Mechanism of consent withdrawal and its storage.

Mechanisms of complaints and storage/processing of such events.

Source of personal data and relevant meta data.

Provision of personal data procession status — this field checks if the processes are part of an obligation and holds the possible consequences of failing to provide the required service.

Automated mechanisms for decision making.

The right of access is the second individual right that needs to be protected by the sites. The website owners are required to uphold the individual’s will and grant them access to their processed user data free of charge in a machine-readable form. The GDPR regulations specify that the site administrators can charge a “reasonable fee” reasonable fee when the request is found to be excessive or repetitive.

The right to rectification gives the individual users the ability to change or remove personal data supplied to the Internet services. Site owners will need to pay special attention to this fact if they are working with a third-party data processing company or facility. The site owners are responsible for informing every agent of the made amendments.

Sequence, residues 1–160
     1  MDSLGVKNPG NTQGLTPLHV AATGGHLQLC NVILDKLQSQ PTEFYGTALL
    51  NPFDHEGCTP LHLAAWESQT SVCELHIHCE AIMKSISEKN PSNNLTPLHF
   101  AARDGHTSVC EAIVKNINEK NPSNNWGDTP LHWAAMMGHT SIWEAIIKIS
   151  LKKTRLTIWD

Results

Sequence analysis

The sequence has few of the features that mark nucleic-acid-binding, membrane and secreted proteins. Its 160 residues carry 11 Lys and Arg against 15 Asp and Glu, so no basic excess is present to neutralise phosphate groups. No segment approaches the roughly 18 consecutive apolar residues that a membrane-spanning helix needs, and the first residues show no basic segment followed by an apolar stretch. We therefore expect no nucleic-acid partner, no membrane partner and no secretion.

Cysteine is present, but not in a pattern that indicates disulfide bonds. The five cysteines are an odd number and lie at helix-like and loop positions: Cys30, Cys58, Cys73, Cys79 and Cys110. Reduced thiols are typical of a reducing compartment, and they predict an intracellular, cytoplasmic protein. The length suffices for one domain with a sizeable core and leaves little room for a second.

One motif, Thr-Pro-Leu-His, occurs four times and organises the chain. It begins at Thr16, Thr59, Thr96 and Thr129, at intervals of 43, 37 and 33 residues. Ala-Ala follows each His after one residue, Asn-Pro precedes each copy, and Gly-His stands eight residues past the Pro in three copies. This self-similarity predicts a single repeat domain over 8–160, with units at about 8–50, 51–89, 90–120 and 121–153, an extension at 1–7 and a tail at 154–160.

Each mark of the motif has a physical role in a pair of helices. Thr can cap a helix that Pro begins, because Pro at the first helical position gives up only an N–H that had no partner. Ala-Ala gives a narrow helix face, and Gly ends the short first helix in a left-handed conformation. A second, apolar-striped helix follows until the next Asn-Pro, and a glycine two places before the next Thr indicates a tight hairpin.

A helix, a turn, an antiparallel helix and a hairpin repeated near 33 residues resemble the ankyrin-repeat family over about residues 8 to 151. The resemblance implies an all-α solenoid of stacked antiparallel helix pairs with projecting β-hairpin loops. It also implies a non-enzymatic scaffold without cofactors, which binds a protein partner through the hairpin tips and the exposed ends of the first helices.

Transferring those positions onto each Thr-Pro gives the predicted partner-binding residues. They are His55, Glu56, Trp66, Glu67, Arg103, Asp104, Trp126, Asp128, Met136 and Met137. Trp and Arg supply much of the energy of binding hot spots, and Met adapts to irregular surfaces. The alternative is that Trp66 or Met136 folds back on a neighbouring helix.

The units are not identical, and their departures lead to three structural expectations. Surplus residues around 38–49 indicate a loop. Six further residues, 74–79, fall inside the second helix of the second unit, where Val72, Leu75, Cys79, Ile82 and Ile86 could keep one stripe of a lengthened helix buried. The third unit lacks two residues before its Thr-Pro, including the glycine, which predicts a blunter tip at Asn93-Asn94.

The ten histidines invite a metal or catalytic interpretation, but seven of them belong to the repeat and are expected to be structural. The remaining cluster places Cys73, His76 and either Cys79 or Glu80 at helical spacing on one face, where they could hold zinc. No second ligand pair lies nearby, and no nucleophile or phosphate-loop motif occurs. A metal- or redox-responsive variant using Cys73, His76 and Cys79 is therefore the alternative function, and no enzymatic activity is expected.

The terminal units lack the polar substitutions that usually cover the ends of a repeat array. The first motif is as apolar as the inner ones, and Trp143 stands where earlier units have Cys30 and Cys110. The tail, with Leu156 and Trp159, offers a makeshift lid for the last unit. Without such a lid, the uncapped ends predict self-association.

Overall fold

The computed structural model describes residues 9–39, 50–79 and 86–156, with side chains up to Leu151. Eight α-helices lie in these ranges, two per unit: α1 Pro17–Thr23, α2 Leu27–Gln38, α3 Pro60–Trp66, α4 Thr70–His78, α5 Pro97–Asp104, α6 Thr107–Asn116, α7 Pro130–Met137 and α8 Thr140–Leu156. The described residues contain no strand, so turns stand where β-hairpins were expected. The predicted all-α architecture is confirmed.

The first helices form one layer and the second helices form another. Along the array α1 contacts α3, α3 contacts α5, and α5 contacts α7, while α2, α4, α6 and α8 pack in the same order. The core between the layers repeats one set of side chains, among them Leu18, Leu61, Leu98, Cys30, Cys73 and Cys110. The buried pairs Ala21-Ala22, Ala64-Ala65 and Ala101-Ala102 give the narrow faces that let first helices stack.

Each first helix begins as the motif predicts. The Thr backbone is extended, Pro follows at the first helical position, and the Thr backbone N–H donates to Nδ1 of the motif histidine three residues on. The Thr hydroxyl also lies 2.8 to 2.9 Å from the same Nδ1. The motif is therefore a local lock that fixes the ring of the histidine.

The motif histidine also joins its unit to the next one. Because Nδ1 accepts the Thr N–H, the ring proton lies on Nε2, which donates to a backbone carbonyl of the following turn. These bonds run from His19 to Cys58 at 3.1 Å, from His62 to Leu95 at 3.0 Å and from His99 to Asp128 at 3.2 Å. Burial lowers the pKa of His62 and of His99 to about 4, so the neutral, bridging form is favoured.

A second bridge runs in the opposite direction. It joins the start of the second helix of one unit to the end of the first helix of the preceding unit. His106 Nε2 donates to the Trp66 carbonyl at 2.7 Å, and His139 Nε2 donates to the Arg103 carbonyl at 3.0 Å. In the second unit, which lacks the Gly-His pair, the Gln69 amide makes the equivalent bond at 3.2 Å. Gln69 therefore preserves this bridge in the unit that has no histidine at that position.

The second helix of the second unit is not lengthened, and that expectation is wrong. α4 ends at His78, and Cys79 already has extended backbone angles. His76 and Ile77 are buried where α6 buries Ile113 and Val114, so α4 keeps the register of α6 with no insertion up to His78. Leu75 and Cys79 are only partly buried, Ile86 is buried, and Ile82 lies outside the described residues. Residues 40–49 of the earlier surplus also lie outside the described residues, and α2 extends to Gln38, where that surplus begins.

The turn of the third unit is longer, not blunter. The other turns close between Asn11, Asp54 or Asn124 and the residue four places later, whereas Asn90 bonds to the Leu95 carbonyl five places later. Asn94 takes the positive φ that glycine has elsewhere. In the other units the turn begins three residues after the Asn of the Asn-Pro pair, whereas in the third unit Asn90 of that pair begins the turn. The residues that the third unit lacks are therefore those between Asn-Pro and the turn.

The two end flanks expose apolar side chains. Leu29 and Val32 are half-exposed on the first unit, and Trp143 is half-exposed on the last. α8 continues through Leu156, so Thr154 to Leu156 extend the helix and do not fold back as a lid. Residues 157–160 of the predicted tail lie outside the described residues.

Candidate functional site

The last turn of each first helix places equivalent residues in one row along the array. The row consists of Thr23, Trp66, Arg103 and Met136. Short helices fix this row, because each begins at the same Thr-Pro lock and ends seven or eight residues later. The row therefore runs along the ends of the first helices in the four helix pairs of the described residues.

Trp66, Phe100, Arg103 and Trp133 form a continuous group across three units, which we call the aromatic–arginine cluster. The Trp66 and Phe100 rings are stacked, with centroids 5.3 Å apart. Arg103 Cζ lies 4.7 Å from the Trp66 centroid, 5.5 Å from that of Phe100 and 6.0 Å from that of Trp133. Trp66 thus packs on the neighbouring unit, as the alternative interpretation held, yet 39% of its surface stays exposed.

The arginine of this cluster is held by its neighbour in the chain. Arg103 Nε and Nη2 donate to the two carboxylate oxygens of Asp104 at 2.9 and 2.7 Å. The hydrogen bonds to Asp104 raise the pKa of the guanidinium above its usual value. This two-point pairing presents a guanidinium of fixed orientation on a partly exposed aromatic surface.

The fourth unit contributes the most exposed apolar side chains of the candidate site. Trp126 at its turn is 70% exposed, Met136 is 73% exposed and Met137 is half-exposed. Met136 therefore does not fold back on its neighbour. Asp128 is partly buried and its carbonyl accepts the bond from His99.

A related article is the right to be forgotten which is under protection as well. It enables the individual users to request the deletion (and subsequent removal) of their personal data when there is no compelling reason for its continued processing. However this is not an absolute right. The individuals can do this under the following conditions:

  • Where the personal data is no longer necessary in relation to the purpose for which it was originally collected/processed.
  • When the user has withdrawn their consent.
  • When the user objects to the processing and there is no overriding legitimate interest for continuing the processing.
  • The personal data was unlawfully processed.
  • The personal data has to be erased in order to comply with a legal obligation.
  • The personal data is processed in relation to the offer of information society services to a child.

The Internet visitors are ensured with right to restrict processing of their private information. The GDPR regulations contains an article that prescribes the ability of the users to restrict or block processing of data. In this case (after the user consent has been given) the site owners are still permitted to store the data, but they may not process it further.